The next morning, I spent a while with Earl on the couch before I took him back to the shelter. As Earl cuddled with me, staring deeply into my soul with those green eyes, I savored the moments we had, fearful of what was to come. 

I’d never before had a dog guard me, unless you count a feisty four-pound chihuahua that we fostered in college. I had, however, known my share of dogs who guarded their people, both at the dog daycare I managed and at the animal hospital. I knew how fiercely these dogs can feel the need to protect, and how hard the behavior can be to break. In a powerful dog like Earl, the behavior could be very dangerous. 

I took Earl for a walk, worked deliberately to put myself in a confident, happy mood so that Earl wouldn’t pick up on any negative signals from me, and took him to the shelter. As soon as we walked into the lobby, I knew that Earl was different than when I picked him up. So did the tech we ran into in the lobby. “Whoa, Earl, what’s up with you buddy?” she said. He stared at her. She retreated. He did allow the receptionist to greet him, as she came around the desk smiling and friendly, but the friendly wiggle seemed to be gone from him, and he kept glancing back at me. 

Staff from Animal Services and the Humane Society were conducting playgroups in the yards outside. I briefly told them what had happened with Earl through the gate. They nodded acknowledgment and called me in. Nobody touched Earl or looked at him, and once he’d moved around everyone’s legs for a bit, he visibly relaxed and went to sniff noses with the dogs playing in the next pen. 

I reluctantly picked up my camera and transitioned to playgroup photographer. Earl seemed willing enough to forget about me for a bit while he met a new dog. The staff was comfortable letting him meet another dog face to face, and Earl happily ran up to meet the tall hound, named Gypsy.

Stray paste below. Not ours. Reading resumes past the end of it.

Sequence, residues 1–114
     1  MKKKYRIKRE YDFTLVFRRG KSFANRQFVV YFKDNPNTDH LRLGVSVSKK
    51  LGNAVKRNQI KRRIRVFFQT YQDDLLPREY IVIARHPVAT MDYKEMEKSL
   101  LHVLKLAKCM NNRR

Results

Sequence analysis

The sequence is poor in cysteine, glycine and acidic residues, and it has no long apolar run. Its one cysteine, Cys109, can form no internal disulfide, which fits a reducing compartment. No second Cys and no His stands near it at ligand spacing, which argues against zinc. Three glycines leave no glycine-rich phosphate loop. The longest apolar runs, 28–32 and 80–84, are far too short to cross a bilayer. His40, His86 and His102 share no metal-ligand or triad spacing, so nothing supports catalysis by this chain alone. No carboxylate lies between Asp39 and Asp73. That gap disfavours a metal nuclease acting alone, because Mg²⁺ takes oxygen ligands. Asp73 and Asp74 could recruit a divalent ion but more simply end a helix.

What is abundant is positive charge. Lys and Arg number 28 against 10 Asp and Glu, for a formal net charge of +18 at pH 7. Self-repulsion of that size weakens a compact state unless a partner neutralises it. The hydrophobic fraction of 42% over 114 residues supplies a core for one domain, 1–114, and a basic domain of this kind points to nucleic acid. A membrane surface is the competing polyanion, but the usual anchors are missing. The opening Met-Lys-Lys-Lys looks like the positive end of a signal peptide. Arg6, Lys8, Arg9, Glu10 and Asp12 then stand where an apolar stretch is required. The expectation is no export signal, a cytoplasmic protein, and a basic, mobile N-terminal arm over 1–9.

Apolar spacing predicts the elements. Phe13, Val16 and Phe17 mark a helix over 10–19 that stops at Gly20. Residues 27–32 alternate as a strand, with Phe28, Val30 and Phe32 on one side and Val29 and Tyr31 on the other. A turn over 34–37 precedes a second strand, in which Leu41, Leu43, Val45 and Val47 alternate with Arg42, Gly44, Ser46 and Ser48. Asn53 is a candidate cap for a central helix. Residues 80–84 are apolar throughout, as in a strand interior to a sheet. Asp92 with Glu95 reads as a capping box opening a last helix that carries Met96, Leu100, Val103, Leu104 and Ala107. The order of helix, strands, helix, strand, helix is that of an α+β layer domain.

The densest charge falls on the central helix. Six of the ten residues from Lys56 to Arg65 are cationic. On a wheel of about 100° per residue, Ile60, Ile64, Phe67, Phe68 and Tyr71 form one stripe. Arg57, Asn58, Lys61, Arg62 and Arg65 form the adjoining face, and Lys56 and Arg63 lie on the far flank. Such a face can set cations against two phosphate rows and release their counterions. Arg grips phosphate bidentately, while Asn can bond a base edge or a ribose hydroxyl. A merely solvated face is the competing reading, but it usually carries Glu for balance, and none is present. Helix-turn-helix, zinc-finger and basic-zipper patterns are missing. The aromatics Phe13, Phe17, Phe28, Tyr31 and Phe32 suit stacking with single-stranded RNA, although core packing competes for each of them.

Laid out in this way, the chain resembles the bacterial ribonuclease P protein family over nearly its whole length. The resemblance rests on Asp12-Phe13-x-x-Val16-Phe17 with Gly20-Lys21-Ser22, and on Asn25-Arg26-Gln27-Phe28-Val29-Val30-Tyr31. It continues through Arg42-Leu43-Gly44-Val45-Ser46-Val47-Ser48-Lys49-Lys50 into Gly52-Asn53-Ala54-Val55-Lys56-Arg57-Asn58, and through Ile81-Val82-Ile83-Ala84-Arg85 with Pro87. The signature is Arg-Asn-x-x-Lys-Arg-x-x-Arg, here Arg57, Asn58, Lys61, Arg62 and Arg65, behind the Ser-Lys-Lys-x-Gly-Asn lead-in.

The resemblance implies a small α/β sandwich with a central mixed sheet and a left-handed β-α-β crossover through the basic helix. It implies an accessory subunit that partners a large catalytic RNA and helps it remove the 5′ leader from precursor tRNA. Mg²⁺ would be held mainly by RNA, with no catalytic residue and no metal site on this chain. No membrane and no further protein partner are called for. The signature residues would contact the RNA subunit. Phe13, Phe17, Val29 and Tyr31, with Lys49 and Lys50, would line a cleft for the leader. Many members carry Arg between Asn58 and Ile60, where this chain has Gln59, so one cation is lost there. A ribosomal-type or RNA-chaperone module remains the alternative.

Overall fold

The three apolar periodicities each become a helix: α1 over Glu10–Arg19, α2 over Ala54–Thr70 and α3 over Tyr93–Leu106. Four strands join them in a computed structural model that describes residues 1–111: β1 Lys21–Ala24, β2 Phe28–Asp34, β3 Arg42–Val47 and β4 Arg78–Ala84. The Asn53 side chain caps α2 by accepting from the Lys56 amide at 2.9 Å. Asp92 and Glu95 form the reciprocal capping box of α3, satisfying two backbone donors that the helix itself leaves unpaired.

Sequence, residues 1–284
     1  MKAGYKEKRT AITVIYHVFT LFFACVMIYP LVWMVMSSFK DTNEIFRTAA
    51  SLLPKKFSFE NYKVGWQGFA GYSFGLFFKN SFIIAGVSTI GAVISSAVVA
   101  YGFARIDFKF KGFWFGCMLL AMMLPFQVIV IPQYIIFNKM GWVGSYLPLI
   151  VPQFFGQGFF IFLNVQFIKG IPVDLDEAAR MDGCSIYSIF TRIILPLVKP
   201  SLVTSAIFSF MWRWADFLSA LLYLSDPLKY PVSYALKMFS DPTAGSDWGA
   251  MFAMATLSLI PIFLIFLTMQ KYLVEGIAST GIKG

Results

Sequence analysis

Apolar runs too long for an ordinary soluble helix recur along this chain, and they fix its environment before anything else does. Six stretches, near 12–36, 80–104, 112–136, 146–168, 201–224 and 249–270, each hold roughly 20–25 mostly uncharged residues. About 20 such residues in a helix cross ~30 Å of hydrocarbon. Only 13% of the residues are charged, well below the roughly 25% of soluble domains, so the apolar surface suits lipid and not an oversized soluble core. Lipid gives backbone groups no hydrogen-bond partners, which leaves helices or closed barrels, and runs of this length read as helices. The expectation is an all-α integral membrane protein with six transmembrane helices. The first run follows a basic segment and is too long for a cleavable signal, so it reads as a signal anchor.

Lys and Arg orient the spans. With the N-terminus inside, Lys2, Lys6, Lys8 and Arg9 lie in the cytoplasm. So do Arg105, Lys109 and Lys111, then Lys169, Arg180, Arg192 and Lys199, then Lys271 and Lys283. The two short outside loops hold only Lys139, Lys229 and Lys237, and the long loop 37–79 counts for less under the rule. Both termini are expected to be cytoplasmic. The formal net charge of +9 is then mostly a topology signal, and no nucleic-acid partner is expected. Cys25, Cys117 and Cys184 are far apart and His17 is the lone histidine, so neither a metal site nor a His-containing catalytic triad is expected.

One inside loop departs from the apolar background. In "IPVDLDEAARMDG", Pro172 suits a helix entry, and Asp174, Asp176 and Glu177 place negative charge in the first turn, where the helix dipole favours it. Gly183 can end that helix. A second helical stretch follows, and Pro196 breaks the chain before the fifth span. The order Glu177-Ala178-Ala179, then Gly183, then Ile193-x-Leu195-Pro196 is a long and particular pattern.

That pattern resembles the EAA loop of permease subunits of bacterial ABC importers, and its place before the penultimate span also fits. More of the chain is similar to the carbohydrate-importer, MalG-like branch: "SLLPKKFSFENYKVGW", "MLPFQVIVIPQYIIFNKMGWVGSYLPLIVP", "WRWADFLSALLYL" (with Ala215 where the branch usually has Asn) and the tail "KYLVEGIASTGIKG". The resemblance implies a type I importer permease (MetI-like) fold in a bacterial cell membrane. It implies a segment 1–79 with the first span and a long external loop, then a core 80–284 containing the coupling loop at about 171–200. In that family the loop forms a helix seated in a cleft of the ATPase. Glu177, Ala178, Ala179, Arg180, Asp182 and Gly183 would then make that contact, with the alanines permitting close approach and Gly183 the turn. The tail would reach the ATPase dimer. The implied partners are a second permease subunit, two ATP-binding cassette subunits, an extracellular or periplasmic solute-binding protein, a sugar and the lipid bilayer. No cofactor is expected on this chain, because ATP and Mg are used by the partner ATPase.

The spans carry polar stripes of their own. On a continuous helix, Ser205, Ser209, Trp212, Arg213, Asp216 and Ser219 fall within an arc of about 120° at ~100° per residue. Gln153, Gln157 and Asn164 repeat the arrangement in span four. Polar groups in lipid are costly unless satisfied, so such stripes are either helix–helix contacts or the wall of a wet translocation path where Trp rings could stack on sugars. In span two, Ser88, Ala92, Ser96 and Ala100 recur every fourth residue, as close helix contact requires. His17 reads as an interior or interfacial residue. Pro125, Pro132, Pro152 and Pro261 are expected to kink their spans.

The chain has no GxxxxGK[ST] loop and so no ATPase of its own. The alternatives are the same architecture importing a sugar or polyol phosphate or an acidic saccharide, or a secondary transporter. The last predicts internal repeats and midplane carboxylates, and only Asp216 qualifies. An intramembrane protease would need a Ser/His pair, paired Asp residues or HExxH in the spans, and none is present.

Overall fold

Gypsy was the sort of dog who got along with everybody and was a master of dog communication, so she was a good way to assess a variety of dogs. Earl clearly liked her. He tried to mount her. She responded by spinning away and inviting him to play. He took up the invitation and played with her. I was glad to see them play, but the staff was less pleased. 

The vet pointed out the stiffness in him, an unwillingness to back down, and a constant pursuit of his goal (mounting) despite Gypsy’s clear efforts to dissuade him. With another dog, a fight may occur quickly, and even with a dog like a Gypsy, a fight may eventually break out. Earl was extremely confident, and considering his breed, the vet worried that he would fight with vigor and possibly do a lot of damage. 

I went home with a heavy heart that day. With both possible human and dog aggression, paired with the intense barrier aggression and his breed, which had kept him from being adopted so far, his chances of making it out of the shelter weren’t good. 

I am not equipped to work with dogs who may have serious aggression, especially potentially towards people. I wouldn’t ask Justin to tolerate a dog who may attack him in our home. Furthermore, if Earl’s bond with me really was instigating further aggression, continuing to bond with him wouldn’t help anyone. So my time of working with Earl was over. 

I posted about him everywhere that I could. I made videos and made it clear that Earl’s circumstances were dire. Lots of people shared or commented on how sad it was, but no one came forward. One person became verbally abusive of me and the shelter supervisor for allowing Earl to be considered for euthanasia, but our invitations for her to rescue Earl were met with bluster, not salvation. 

And so, Earl was euthanized. I didn’t go to the shelter. I didn’t want to spend a last day with him. I knew it would hurt too much. I struggled with Earl’s death, as well as the criticisms that had been brought against me for not doing more to stop it. 

Usually taking dogs for a day or night out only brings good things for them, but sometimes the extra information that we gain isn’t positive. In these circumstances, our goal is not necessarily to save the dog at all costs but to consider the good of the community and the adopting family. 

Could someone have worked with Earl and saved him safely? Maybe. But that person wasn’t me, and that person didn’t come forward. 

I’m sorry Earl. I tried. You deserved better.